|Bride by Mistake|
|Directed by||Richard Wallace|
|Written by|| Henry Ephron |
|Based on|| The Richest Girl in the World |
by Norman Krasna
|Produced by||Bert Granet|
|Starring|| Alan Marshal |
|Edited by||Les Millbrook|
|Music by||Roy Webb|
|Distributed by||RKO Radio Pictures|
|Box office||$600,000 |
Bride by Mistake (1944) is an American romantic comedy film directed by Richard Wallace, and starring Alan Marshal and Laraine Day. 
The screenplay is by Phoebe Ephron and Henry Ephron, based on a story by Norman Krasna, and is a remake of The Richest Girl in the World (1934).
Home from the war, Captain Tony Travis (Alan Marshal) eyes an estate in Santa Barbara and wonders what it must be like to be that rich. It is the property of the fabulously wealthy Nora Hunter (Laraine Day), who has secretary and friend Sylvia Lockwood (Marsha Hunt) impersonate her in public. Longtime guardian Jonathan Connors (Edgar Buchanan) protects his ward's privacy zealously. During a ship launching, a press photographer takes Nora's picture, but Connors sees to it that the camera film is ruined.
Sylvia tells Nora that she is quitting so that she can accompany her husband, Phil Vernon (Allyn Joslyn), whose job requires him to move to Washington. Nora decides to marry her fiancé Donald (William Post Jr.) so that Sylvia can be her maid of honor at her wedding. But when Donald returns from military duty, he breaks the news that he has fallen in love with someone else.
Nora hosts a tea, but has Sylvia again pretend to be her. There she meets and takes a liking to Tony, but he is more interested in Sylvia. On hearing him vow that love is more important to him than money, Nora and Sylvia invite him to a weekend at Nora's beach house. Nora helps Tony court Sylvia, so that if he does genuinely love the real Nora, it will not be because of her money. All of her friends tell her she is being foolish, that nobody can resist that much temptation, but she stubbornly persists.
Mix-ups ensue. While tipsy, Sylvia accepts a marriage proposal from Tony. That night, Tony sees Phil sneak to Sylvia's bedroom for a late night hug. The next morning, he punches the overly cheerful Phil over it. Nora tells him that she and Sylvia switched rooms that night. Despite this "confession", he eventually realizes who he really loves, tosses the protesting Nora over his shoulder and carries her away to get married. On their honeymoon night in a cheap motel, Nora finally reveals her true identity. Tony is disgusted and starts to leave, but then sees her for the first time in her nightgown and stays.
The film was a remake of The Richest Girl in the World and was originally entitled That Hunter Girl. Bert Gance produced it at RKO.
In December 1943 Hedda Hopper reported that two stars under contract to David O Selznick, Dorothy McGuire and Alan Marshall would work for RKO on a film the following year – possibly The Fair Barbarian or The Flashing Stream.  In January 1944 RKO announced they were going to make a marital comedy I Married the Navy written by Emmett Lavery, who was to co produce with Val Lewton. It would be directed by Richard Wallace and star Marshall and McGuire.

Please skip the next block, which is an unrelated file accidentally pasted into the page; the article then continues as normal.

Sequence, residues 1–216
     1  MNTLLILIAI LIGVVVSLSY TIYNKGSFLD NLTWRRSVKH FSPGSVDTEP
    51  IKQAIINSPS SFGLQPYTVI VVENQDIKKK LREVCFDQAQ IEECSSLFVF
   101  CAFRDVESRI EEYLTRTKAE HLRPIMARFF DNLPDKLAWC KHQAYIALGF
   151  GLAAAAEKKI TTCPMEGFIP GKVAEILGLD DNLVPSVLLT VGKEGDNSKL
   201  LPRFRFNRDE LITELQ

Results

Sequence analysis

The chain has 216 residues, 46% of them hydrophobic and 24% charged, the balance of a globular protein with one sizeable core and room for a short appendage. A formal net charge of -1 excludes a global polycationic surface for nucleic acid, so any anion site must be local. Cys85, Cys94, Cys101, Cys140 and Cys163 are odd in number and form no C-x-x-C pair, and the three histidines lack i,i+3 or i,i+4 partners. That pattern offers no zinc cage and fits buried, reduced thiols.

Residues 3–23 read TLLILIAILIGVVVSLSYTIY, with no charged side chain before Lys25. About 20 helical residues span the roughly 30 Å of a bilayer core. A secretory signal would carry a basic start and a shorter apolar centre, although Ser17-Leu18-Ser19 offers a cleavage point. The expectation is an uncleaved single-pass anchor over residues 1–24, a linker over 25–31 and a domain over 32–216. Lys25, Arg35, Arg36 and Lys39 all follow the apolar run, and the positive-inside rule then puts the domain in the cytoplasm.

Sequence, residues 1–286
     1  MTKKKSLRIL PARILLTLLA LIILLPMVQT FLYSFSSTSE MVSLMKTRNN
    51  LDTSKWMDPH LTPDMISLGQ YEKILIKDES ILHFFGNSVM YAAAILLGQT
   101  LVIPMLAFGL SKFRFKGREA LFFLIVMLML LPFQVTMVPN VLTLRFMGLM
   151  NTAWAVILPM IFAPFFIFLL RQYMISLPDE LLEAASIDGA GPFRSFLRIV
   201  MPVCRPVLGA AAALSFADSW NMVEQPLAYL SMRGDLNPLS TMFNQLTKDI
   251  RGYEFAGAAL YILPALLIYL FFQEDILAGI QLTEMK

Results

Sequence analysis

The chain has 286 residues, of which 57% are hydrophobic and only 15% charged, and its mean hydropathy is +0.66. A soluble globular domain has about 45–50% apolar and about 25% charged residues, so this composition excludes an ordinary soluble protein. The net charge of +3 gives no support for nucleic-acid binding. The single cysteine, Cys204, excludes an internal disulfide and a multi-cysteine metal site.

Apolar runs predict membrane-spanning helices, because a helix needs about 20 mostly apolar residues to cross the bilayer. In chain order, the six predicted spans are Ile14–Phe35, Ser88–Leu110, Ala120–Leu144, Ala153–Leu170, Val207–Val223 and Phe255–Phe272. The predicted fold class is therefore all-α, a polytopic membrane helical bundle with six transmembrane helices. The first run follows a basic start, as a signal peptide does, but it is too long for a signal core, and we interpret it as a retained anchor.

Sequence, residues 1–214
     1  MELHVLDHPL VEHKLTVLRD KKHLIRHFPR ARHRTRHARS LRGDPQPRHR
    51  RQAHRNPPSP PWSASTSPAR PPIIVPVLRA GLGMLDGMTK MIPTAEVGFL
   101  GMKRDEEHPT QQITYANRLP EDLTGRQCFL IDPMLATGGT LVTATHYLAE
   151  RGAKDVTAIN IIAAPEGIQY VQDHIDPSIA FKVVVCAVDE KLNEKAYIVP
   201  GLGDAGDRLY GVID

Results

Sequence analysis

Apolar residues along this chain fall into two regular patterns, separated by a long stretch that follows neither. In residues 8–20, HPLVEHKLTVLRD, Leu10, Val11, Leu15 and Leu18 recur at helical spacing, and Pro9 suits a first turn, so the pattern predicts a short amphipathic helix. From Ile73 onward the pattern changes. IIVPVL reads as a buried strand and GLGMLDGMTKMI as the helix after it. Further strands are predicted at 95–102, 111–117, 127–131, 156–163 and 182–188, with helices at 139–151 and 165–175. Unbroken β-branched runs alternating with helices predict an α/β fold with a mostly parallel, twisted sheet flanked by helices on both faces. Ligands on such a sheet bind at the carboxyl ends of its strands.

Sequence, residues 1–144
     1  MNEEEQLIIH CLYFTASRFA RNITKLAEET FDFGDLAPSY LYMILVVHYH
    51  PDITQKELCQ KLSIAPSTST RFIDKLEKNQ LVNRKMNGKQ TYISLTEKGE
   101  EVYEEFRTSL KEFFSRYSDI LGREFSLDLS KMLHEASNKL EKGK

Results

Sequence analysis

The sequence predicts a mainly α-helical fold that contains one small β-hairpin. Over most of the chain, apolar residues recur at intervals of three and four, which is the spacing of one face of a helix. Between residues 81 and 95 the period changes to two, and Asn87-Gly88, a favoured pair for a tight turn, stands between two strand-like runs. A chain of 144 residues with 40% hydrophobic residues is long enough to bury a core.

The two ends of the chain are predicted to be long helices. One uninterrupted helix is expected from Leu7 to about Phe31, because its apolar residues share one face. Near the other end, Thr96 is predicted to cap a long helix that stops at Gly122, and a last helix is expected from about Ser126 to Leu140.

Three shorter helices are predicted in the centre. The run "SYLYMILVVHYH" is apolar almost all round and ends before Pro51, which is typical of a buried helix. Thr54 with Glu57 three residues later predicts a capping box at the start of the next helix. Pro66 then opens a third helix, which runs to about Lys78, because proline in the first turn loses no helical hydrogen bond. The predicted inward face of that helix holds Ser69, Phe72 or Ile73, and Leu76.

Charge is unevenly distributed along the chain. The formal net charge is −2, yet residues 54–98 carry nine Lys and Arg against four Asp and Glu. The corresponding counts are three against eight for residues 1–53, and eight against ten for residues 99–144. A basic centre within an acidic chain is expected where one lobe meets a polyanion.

In March 1944 RKO announced they had postponed I Married a Navy due to McGuire's refusal to make it. They substituted it on the studio's schedule with That Hunter Girl which was to star Marshall and Laraine Day and be directed by Wallace. 
Producer Bert Gance borrowed Henry and Phoebe Ephron from Fox to rewrite the script – not to change the structure but to 'jazz it up". The Ephrons had never written a full script before – Fox hired them off the back of the success of a play they had written – so they asked a secretary who had been the best screenwriter to ever work at the studio; she said Norman Krasna. They got every Krasna script they could and copied how he did his scripts. 
When they started writing the star was going to be Dorothy McGuire but she was replaced shortly before production by Laraine Day. Henry Ephron said they "had written the part for McGuire's original and somewhat eccentric style (she hardly ever came through the front door; she always climbed in through the window)" but felt Day was "fine. A good enough actress and quite beautiful." 
Laraine Day and Marsha Hunt were borrowed from MGM, Alan Marshall was borrowed from David O. Selznick, Allyn Jolson was borrowed from 20th Century Fox and Edgar Buchanan was borrowed from Columbia. Filming started in March 1944. 
The film was called That Hunter Girl but the title was changed to Bride By Mistake in May 1944.  Day said she liked making the movie "tremendously. It was the first film designed to make audience laugh for which I had been chosen. I'm hoping this will exert and new and beneficial influence." 
The film made a profit of $600,000. 
Bachelor Mother (1939) is an American romantic comedy film directed by Garson Kanin, and starring Ginger Rogers, David Niven, and Charles Coburn. The screenplay was written by Norman Krasna based on an Academy Award-nominated story by Felix Jackson written for the 1935 Austrian-Hungarian film Little Mother. With a plot full of mistaken identities, Bachelor Mother is a light-hearted treatment of the otherwise serious issues of child abandonment.
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